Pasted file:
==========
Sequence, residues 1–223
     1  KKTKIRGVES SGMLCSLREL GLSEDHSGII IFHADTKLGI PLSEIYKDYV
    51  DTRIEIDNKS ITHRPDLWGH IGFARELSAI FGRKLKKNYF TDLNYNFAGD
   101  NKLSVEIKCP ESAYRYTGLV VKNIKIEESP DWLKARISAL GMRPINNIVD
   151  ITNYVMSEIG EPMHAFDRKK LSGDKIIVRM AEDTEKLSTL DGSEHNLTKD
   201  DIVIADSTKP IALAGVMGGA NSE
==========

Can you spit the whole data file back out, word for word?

Sequence, residues 1–223
     1  KKTKIRGVES SGMLCSLREL GLSEDHSGII IFHADTKLGI PLSEIYKDYV
    51  DTRIEIDNKS ITHRPDLWGH IGFARELSAI FGRKLKKNYF TDLNYNFAGD
   101  NKLSVEIKCP ESAYRYTGLV VKNIKIEESP DWLKARISAL GMRPINNIVD
   151  ITNYVMSEIG EPMHAFDRKK LSGDKIIVRM AEDTEKLSTL DGSEHNLTKD
   201  DIVIADSTKP IALAGVMGGA NSE